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SDRC TR 2006-04: The Integration of Domestic Violence Issues in the Nursing Curriculum: Effects of the Use of Teachers' Guides and Student Learning Modules on the Faculty and Students in Selected Nursing Colleges in Luzon and the Visayas

The integration of domestic violence issues into the nursing curriculum of Silliman University was a pilot project that was initiated from 1997 to 2000 by the DLSU-SDRC Task Force on Social Science & Reproductive Health (TFSSRH), a small group composed of health professionals and social scientists, a lawyer, and representatives of women’s organizations. This project was undertaken in collaboration with the Association of Deans of Philippine Colleges of Nursing (ADPCN), with funding from The Ford Foundation (TFF) and the Commission on Higher Education (CHED). Eleven student learning modules and teachers’ guides for nine nursing subjects were written by selected Silliman University social science and nursing faculty members in partnership with the TFSSRH. These modules were published and subsequently endorsed by ADPCN in its annual convention in 2000. In June 2002, Silliman University conducted a one-week training for selected nursing schools in the use of the foregoing tools for their respective institutions. The main objective of this study was to determine the effects of the use of the student learning modules and teachers’ guides on the faculty and students of five nursing schools (two in Luzon, two in the Visayas, and one in Mindanao) that participated in the June 2002 training at Silliman University. Specifically, the study examined the (a) status, strategies and processes adopted by the nursing schools in utilizing the learning tools, (b) the faculty and students’ perceived beneficial effects and difficulties using the foregoing tools, (c) the strategies used by the faculty to overcome their difficulties, (d) indicators used by the nursing schools to assess the competencies of their graduates, and (e) sustainability and prospects of the continued use of the integrated tools in the selected nursing institutions. Key informant interviews with school administrators and focus group discussion with faculty and students were the main methods used in the study. The findings of the study showed that only Silliman University’s College of Nursing, the pilot institution, completely utilized the student learning modules and teachers’ guides. Two nursing schools partially used some learning tools in selected subjects. The other two schools used them mainly as references. One of these schools had developed its own psychology module that had incorporated domestic violence issues, while the other had shifted to a problem-based learning approach.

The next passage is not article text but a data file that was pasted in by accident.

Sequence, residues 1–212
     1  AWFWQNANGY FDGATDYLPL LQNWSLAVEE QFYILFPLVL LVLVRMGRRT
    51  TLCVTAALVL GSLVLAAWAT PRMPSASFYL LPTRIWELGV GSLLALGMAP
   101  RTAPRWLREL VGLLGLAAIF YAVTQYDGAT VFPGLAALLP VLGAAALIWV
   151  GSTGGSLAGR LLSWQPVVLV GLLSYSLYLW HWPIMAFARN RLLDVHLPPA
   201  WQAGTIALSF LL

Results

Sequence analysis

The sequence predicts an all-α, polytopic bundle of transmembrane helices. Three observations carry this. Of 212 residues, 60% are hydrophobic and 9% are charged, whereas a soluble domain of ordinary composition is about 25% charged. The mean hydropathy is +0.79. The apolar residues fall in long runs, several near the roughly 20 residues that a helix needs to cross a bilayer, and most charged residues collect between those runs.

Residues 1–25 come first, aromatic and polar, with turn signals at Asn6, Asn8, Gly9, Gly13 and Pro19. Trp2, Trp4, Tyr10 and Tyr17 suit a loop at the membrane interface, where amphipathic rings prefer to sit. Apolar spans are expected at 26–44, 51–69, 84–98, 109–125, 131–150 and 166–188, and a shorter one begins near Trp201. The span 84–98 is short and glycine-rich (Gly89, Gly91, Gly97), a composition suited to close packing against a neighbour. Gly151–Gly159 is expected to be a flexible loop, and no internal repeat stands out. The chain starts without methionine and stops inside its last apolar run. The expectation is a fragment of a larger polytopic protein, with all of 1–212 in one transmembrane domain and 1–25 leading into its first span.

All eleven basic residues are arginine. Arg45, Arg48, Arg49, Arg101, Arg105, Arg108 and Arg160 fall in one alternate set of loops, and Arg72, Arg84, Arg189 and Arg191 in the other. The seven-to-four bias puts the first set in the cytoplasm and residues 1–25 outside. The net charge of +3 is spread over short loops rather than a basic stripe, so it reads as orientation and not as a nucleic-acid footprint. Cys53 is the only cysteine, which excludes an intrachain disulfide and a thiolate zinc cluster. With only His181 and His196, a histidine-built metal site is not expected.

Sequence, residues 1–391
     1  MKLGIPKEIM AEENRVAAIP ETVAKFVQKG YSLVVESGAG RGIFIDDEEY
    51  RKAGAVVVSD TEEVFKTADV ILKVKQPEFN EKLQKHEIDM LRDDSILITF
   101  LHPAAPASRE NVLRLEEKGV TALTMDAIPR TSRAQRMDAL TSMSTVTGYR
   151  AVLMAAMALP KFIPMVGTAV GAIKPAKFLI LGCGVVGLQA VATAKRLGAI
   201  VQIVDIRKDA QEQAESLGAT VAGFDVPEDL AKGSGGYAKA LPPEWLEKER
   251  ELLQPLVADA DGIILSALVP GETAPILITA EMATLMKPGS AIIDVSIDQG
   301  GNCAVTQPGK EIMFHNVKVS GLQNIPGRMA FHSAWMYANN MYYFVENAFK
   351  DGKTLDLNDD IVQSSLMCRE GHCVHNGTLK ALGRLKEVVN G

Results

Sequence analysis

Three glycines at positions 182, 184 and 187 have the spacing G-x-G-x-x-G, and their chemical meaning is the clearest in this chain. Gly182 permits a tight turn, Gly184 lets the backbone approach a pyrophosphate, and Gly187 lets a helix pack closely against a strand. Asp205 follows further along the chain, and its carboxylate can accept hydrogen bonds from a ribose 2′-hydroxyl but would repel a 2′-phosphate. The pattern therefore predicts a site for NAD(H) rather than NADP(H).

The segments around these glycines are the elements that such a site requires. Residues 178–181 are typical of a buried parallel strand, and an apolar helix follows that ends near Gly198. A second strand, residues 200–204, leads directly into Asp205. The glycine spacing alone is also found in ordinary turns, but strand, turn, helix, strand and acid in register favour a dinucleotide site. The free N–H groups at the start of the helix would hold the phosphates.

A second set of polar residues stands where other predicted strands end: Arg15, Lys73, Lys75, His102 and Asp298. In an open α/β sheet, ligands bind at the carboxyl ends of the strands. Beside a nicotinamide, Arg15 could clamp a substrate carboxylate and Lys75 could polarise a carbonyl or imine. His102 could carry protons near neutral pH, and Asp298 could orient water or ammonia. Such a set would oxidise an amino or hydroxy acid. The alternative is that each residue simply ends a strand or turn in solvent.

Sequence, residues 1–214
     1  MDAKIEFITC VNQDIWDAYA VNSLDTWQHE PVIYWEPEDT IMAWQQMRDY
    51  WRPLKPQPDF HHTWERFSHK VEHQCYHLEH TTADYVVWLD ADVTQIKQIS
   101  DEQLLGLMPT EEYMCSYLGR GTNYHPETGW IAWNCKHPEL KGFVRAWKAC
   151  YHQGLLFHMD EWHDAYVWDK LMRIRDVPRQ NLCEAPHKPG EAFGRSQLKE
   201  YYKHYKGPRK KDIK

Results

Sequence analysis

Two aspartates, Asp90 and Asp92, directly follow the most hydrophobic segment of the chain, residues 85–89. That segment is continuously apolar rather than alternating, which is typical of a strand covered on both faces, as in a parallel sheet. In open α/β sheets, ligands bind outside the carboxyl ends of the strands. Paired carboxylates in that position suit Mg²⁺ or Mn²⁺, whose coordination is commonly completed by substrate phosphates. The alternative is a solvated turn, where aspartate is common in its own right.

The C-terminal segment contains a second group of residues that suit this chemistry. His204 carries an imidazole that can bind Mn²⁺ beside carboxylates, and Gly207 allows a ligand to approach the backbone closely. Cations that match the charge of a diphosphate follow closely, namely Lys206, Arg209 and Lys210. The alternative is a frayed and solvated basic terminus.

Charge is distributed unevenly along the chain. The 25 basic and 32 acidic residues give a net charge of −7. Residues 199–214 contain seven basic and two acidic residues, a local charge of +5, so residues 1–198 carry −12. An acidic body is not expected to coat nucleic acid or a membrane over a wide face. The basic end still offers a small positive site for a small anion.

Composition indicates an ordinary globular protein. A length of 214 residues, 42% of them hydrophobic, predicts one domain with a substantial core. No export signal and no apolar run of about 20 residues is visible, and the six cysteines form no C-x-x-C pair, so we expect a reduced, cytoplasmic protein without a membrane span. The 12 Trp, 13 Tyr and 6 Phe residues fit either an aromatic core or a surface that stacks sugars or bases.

DLSU-Social Development Research Center
Authors Keywords
Ramos-Jimenez, Pilar; domestic violence issues; nursing curriculum;
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Published in 2006 and available in the SDRC Library or NO PDF AVAILABLE Downloaded 0 times since November 25, 2011
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